By H. G. M. Williamson;
Lambdin's advent to Biblical Hebrew has proven itself as a regular textbook in faculties and universities in addition to being usually utilized by those that desire to train themselves Biblical Hebrew. the shortcoming of a key to the various routines within the boo
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Extra resources for Annotated Key to Lambdin's Introduction to Biblical Hebrew (Old Testament Guides)
11 for the same idiom as we have here, but with used instead of (c) 1 2 3 4 5 6 7 8 1 See Lambdin's note at the start of Vocabulary 12, §59. The pointing used for the vocalization of the divine name in this Key is that found in the standard critical editions of the Hebrew Bible. 47 Lesson 13 (a) In accordance with what is said in §60, it should be clear that the sentences in this exercise may mostly be translated with or without demonstrative pronouns and with varying word order. Examples of each possibility are given below at random; students should not be concerned if they have thought of an alternative in this regard.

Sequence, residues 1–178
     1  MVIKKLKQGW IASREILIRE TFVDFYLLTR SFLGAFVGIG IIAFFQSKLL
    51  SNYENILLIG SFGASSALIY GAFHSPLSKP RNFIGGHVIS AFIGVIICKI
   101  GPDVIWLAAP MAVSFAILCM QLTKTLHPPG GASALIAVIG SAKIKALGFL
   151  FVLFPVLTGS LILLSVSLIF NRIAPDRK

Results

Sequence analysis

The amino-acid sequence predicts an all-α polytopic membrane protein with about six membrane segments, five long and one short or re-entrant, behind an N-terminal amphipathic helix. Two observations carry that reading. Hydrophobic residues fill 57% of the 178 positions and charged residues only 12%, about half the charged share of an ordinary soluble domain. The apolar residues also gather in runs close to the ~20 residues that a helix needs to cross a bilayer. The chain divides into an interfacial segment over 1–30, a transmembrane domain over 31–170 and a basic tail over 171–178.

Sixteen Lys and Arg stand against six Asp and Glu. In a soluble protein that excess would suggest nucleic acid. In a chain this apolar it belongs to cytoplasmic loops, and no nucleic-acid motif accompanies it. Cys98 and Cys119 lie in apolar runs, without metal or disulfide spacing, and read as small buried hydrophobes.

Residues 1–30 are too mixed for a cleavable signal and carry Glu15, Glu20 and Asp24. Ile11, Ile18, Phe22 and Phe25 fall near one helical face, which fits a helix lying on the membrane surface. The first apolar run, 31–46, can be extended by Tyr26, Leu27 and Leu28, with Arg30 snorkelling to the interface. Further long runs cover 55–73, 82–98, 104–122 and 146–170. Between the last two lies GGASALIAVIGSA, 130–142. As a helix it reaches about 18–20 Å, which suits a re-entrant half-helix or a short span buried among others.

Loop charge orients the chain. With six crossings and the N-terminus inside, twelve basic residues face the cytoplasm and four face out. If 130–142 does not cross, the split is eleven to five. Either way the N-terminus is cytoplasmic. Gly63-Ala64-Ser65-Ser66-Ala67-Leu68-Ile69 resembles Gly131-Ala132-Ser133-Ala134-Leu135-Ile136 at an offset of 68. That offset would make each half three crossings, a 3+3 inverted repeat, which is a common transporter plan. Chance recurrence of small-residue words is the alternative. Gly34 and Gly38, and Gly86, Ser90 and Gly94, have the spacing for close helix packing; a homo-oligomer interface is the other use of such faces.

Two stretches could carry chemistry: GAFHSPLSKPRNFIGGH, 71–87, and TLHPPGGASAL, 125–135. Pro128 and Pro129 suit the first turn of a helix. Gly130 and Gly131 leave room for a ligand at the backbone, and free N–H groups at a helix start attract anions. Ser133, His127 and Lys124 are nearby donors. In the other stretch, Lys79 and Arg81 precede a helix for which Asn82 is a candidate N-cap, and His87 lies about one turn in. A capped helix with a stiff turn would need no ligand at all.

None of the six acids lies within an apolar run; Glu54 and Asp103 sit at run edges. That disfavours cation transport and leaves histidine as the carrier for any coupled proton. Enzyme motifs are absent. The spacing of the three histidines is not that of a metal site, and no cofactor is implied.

The people came to the city with great joy because they had had1 a victory in the battle. 5. 2 6. These are the men who are sojourning3 in the midst of this people. 7. Where did you put the fruit which you took from the tree? 8. All the warriors came here because they knew that the king was here (or All the warriors have come here because they know4 that the king is here). 9. The men drank some water and they also ate some bread. 10. 5 1 Literally, 'because there was not to them', but the context demands a pluperfect; cf.
Hie man's small garden 4. The woman's evil husband , as explained by Lambdin on p. 68. 7. The voice of the prophet 8. The good king's servant (or the king's good servant) 9. The rich man of the city 5. The evil woman's husband 10. e. suffered by) the poor 6. The just judge of the people 11. The big cloud in (of) the sky 12. The precious gold of the temple. Note that in nos. 4,5,9 and 11 there is no possible alternative translation, given the agreement of noun and adjective. In nos. 3,6,8 and 12, by contrast, the adjective could, in theory, qualify the other noun in the phrase.
Annotated Key to Lambdin's Introduction to Biblical Hebrew (Old Testament Guides) by H. G. M. Williamson;